[ I always think of von Neumann Machines as self-replicating devices. Von Neumann himself called them "Universal Constructors". Some people use the phrase to refer to computing machines that use a single storage structure to hold both the set of instructions on how to perform the computation and the data required or generated by the computation. I call this the von Neumann architecture. ]
[ This is an essay on von Neumann machines as such rather than as metaphors for human societies and economies or as conceptual tools for thinking about evolution. ]
In the late 1940s, John von Neumann first suggested a modern, robotic self-replicator. Moreover, he calculated how much information a self-reproducing entity would require. This meant figuring out what parts a machine needs if it is to reproduce. In short, he estimated the minimal size of a self-replicator's `blue prints' or `genome' (25 150 kilobytes).
By extending von Neumann's notion metaphorically, we can think more readily about societies, economies, ecologies, and the origins of life.
Economies, for example, reproduce themselves; in that sense, they are von Neumann machines. But people work in economies; economies do not reproduce without human help.
As yet, no one has built a von Neumann machine. At present, you can build a device that assembles different kinds of large, identical components or `modules' into duplicates of itself. Perhaps some factories that use robots to make robots already do this. Unfortunately, the modules themselves must be manufactured in some other way. I do not know whether they can yet be manufactured purely by self-directed robots. In any event, current investors, whether government or private, would have to spend a huge sum to build the first instance of such a manufacturing system.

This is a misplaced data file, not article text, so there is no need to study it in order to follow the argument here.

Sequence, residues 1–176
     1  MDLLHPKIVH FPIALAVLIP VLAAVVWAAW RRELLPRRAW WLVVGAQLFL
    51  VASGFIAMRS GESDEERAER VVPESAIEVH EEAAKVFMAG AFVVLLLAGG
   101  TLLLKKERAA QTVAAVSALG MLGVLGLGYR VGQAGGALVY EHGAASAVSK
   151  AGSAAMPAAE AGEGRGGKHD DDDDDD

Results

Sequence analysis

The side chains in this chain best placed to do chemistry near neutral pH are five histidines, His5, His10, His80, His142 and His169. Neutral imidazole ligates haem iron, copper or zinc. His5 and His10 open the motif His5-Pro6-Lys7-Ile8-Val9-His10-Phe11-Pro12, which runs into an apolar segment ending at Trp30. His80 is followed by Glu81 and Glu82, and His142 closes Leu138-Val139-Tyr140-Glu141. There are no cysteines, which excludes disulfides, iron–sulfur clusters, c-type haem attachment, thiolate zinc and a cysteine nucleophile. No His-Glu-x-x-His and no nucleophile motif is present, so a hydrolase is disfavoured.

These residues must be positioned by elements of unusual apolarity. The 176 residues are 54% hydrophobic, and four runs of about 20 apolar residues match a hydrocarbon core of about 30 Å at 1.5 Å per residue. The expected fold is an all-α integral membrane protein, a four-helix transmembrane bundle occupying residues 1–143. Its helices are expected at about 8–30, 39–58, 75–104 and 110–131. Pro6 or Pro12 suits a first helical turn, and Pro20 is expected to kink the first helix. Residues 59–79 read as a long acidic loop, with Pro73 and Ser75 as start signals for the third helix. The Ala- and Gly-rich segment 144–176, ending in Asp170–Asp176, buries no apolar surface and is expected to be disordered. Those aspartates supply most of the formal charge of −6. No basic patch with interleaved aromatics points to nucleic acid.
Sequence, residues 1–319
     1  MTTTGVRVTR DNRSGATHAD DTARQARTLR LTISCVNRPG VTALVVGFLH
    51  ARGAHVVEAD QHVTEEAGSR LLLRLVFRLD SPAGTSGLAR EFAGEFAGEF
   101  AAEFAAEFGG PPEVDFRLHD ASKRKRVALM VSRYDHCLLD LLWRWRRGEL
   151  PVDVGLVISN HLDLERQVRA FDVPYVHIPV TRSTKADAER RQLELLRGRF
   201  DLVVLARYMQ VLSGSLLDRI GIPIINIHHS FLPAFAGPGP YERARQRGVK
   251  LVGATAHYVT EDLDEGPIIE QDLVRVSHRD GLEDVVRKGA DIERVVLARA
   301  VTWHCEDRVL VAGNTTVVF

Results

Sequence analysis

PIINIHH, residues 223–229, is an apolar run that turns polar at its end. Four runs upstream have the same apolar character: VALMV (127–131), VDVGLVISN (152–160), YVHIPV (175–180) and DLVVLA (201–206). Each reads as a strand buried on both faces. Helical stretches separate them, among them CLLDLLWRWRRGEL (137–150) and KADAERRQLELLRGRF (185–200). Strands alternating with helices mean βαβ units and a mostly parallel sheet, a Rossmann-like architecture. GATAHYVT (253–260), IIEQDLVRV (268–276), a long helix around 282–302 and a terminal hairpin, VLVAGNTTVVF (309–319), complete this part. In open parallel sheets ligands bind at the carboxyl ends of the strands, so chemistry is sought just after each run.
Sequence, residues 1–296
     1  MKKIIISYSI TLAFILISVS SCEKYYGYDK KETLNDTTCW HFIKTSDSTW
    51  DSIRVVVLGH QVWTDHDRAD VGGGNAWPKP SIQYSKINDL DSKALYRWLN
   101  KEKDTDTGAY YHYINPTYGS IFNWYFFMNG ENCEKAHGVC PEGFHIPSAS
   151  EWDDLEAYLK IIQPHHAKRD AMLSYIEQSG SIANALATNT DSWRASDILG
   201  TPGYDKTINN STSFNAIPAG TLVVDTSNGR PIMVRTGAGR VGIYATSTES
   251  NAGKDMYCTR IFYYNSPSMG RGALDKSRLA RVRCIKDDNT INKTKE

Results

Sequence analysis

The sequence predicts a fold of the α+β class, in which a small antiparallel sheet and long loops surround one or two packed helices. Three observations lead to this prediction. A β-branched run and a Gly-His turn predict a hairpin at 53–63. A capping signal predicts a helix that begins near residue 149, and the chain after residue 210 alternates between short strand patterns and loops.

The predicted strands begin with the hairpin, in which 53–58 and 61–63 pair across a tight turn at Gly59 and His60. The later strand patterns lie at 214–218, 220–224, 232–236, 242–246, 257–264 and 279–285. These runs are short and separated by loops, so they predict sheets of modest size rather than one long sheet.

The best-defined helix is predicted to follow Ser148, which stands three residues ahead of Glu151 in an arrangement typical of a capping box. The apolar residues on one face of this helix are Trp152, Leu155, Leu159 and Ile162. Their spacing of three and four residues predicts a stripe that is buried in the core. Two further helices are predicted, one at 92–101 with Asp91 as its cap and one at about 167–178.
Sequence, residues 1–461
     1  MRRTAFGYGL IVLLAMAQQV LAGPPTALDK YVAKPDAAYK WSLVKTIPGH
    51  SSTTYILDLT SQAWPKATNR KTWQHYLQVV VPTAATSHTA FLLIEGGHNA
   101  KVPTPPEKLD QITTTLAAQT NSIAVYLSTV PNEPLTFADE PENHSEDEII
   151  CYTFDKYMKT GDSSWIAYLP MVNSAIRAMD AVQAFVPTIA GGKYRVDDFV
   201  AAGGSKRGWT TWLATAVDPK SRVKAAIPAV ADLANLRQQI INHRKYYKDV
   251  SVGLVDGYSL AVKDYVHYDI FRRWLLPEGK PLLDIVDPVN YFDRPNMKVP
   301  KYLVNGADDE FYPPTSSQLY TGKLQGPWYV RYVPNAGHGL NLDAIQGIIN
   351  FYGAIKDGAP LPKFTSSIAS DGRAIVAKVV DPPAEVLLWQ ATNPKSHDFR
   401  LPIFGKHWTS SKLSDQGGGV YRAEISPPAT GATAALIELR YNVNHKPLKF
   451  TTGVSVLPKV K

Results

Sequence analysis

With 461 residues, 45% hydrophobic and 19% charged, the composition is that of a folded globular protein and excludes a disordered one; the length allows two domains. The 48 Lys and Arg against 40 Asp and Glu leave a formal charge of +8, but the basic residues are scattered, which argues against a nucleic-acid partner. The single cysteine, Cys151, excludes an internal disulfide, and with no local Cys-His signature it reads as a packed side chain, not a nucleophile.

We humans are entities that consume `modules' that are not identical some foods taste differently than others. Reproduction from large, non-identical, breakable `components' is difficult. That is what a von Neumann machine that works with `regular sized' components will have to do.
Very small, `nano-sized' von Neumann machines are as yet impossible to build. If built, these as-yet imaginary, `nanotech self-assemblers' would put together small, identical, unbreakable components that are naturally present, namely atoms and molecules. We know that `nano von Neumann machines' exist: bacteria are examples.
The first human-made `nanotech self-assembler' may be `soft' and work in water, like a bacterium, or may be `hard' and involve diamond, as in Eric Drexler's 1986 book 1 Engines of Creation.
`Closure' is a basic concept. A closed system reproduces all it parts. An open system fails to fabricate some of them. For an open system to continue, some parts must be imported from outside. A natural ecology can only be closed. But a farm or factory need not be fully self-reliant, but be partly open.
That is because efficiency becomes a concern when you farm or manufacture. The cost of building the first fully closed von Neumann machine may be more than you can afford; indeed, it may not be possible at all.
Since humans must build the first von Neumann machine, efficiency and cost are issues. It is no good building a von Neumann machine that makes worse use of your land than existing farms and factories. And you cannot build one you cannot afford.
Like any living entity, a von Neumann machine it must `eat', which means it must gather energy and other inputs.